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I was listening to an interview on Freakonomics (NPR) radio with Pat Brown, the founder of Impossible Foods, "essentially a tech startup, and it’s raised nearly $400 million to date in venture capital."
http://freakonomics.com/podcast/meat/
BROWN: So, we’ve only been in existence for about seven years and we have about 300 people. We started by basically building a team of some of the best scientists in the world to study how meat works, basically. And by that, I mean to really understand at a basic level the way, in my previous life, when I was a biomedical scientist, we might be studying how, you know, a normal cell of this particular kind becomes a cancer cell, understanding the basic biochemical mechanisms.

In this case, what we wanted to understand was: what are the basic biochemical mechanisms that account for the unique flavor chemistry and the flavor behavior and aromas and textures and juiciness and all those qualities that consumers value in meat? And we spent about 2.5 years just doing basic research, trying to answer that question, before we really started working on a product. And then decided for strategic reasons that our first product would be raw ground beef made entirely from plants.
Interesting information about "heme".

Brown has put a lot of thought and effort into the Impossible Burger. The interview is about 1/3 way down the page.

Toward the end of the article, there is a discussion with Kelly Fogarty, the executive vice president for the United States Cattlemen’s Association and a fifth- generation beef cattle rancher in Oakdale, California.
 
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  • #22
WWGD
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I guess I didn't parse the title correctly. New meat, free hamburger. Slightly disappointed at not getting a free hamburger :).
 
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  • #23
gleem
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There are many thing in life that I enjoy that carry some degree of risk and eating red meat is one of them. My brain won't let me hate meat but it does note red (npi) flags. As a scientist I pay attention to these red flags which produces an benefit/risk debate. Anything that tastes like the real thing (I often close my eyes when savoring a good steak) may help me reduce the risk. So I welcome the opportunity to try this new consumable material and look forward to its appearance in my neighborhood market. I was thinking maybe they should not have called it some sort of burger or meat substitute but something clever that might entice us to try it without a meat eaters bias.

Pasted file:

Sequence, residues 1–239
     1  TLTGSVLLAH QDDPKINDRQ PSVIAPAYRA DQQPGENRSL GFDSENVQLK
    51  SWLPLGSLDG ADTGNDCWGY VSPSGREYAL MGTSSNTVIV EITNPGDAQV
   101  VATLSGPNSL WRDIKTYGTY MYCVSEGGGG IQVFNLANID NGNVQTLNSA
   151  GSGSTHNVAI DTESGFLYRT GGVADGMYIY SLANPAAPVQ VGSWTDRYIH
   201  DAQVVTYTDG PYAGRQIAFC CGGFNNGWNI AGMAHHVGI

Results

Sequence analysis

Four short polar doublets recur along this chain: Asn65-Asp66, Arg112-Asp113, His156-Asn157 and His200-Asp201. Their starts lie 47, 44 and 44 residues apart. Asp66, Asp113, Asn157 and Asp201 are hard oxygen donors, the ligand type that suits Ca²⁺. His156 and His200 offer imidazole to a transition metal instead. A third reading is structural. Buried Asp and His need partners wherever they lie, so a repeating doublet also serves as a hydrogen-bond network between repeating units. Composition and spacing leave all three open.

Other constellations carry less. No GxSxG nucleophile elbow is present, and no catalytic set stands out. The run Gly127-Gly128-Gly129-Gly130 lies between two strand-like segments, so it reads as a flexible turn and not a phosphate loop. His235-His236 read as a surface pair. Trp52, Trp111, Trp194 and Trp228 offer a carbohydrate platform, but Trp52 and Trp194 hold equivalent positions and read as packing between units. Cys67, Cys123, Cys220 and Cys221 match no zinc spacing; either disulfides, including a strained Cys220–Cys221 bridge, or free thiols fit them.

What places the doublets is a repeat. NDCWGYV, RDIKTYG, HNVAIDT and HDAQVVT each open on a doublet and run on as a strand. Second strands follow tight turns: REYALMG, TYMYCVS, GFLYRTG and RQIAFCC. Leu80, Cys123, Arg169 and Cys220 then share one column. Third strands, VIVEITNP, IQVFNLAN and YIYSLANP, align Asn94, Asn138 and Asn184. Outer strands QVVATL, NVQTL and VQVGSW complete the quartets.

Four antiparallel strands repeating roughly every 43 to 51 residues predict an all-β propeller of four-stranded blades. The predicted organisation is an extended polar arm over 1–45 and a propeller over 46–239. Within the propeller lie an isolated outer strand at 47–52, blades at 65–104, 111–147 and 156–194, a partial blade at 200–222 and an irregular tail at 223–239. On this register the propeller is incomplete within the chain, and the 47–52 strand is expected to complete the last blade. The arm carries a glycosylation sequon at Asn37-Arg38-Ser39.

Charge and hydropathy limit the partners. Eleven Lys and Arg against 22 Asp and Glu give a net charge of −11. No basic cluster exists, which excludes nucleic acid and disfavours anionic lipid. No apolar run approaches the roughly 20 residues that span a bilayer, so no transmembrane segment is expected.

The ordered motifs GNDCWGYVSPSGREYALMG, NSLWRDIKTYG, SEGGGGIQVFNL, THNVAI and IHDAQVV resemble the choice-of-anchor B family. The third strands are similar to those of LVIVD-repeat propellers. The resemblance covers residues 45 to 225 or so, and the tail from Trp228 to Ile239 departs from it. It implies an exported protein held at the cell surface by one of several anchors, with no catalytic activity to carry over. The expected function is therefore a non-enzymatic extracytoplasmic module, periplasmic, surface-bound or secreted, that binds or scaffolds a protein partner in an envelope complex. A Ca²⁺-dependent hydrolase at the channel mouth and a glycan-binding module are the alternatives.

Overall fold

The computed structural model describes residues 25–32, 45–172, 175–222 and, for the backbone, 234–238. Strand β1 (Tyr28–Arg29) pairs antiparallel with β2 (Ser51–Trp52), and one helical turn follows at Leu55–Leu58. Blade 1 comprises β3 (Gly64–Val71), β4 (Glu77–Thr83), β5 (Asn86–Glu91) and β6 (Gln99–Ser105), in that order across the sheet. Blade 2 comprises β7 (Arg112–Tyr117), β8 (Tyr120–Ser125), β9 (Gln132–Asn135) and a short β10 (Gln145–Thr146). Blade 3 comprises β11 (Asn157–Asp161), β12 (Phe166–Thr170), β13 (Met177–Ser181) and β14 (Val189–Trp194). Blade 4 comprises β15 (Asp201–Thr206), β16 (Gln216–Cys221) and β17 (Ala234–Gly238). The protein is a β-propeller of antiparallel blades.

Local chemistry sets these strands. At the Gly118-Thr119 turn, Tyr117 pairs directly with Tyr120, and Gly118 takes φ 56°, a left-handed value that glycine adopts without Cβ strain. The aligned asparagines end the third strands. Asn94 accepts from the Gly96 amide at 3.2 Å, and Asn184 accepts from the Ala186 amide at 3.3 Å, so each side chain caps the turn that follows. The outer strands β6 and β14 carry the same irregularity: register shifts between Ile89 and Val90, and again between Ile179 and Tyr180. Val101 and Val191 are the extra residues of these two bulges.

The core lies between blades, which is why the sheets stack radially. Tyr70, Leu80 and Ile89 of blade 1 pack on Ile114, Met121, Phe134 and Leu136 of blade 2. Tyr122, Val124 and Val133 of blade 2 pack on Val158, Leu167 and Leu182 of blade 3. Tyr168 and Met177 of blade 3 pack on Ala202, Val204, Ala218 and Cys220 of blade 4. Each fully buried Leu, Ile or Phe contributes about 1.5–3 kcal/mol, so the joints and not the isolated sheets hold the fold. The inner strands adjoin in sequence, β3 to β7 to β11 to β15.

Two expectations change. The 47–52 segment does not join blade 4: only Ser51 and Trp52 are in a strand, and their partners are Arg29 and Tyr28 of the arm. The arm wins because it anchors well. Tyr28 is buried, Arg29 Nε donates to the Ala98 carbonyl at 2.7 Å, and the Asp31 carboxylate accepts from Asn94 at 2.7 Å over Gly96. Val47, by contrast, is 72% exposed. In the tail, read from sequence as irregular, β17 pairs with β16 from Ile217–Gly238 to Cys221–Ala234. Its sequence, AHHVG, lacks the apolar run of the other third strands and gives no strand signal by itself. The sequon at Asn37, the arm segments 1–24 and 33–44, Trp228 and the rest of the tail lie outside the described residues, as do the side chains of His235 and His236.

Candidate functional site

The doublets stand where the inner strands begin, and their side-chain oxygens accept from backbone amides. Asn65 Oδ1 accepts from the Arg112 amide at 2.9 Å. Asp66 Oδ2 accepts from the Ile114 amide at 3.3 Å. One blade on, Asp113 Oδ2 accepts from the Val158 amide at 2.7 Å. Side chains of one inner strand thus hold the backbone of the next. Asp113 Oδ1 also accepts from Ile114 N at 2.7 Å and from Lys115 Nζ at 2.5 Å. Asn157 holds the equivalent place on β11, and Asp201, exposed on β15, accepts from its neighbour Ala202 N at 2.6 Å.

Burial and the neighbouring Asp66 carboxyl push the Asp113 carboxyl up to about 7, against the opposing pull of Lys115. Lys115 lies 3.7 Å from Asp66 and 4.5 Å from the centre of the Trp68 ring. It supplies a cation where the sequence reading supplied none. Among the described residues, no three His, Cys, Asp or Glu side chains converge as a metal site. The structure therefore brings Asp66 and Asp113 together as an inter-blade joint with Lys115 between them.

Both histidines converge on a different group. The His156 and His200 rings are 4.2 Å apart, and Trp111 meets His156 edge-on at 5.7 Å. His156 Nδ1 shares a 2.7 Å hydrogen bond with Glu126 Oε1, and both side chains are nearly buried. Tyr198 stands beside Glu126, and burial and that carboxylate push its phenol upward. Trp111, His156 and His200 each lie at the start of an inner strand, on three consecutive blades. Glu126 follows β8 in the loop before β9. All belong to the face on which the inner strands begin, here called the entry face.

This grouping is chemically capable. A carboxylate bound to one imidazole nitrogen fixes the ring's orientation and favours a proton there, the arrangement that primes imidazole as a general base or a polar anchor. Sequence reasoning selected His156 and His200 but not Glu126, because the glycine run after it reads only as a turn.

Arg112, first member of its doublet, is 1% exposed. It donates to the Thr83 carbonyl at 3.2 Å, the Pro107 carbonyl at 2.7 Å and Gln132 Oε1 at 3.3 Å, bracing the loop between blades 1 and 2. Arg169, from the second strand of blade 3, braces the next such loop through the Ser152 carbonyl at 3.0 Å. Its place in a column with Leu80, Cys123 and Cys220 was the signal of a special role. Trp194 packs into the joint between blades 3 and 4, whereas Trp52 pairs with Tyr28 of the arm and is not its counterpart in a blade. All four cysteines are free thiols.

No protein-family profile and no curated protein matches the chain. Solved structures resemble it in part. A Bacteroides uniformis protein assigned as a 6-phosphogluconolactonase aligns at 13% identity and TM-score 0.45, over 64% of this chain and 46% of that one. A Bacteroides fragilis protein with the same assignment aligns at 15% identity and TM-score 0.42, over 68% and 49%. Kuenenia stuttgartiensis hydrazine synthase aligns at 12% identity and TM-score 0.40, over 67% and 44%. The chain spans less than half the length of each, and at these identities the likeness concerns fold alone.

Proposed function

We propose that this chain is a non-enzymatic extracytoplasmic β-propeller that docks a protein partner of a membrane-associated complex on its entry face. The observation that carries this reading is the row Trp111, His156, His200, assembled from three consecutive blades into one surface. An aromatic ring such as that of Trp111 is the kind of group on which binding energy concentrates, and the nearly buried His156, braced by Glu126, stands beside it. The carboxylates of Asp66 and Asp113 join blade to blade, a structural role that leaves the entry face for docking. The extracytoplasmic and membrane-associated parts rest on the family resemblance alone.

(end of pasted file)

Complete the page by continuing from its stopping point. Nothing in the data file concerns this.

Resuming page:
I did some research on the beef industry. There are about 1.4B head of cattle on earth. Cattle graze in pasture until they weigh about 600 lbs when they are shipped to feed lots where they will consume about 2500 lbs of grain whose production my otherwise have been used for human consumption. While in the feed lot they are given antibiotics to ward off disease outbreak that might occur because of the close contact which could exacerbate the production of super bugs. They may be given artificial steroids to increase they market weight faster. The use of these hormones and their effects on humans is being debated in the US but not in Europe since their use was forbidden in 1985. Only about 500 lbs of the critter end up as what you see in the market thus 5lbs of grain are used for every pound of meat consumed. Cattle produce a lot of methane as we all know. The slaughter is generally humane certainly as compared to the fate they might have faced in the wild, strangulation or disembowelment. Finally the use of grain as a substantial source of food for cattle is producing a meat substantially higher in omega -6 fatty acids as compared to omega 3. The ratio of Ω- 6 to Ω-3 optimally should be about 3 to 2 but for grain fed beef this ratio is up to 7 to 1. High levels of Ω-6 promote inflammation which is contributory to may may health problems. Grass fed cattle have higher level of vitamin and other beneficial substances . Finally I think grass fed beef tastes better.

So it the interest of higher profit margins we have a food that is less nutritious, possibly harmful to health, contributes negatively to environmental and medical issues and, less efficient in the use of resources.
 
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  • #24